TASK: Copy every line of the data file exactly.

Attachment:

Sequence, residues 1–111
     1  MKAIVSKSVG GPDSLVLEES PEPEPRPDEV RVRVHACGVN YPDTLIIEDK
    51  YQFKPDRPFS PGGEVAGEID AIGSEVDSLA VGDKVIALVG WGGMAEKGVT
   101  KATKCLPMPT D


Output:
Sequence, residues 1–111
     1  MKAIVSKSVG GPDSLVLEES PEPEPRPDEV RVRVHACGVN YPDTLIIEDK
    51  YQFKPDRPFS PGGEVAGEID AIGSEVDSLA VGDKVIALVG WGGMAEKGVT
   101  KATKCLPMPT D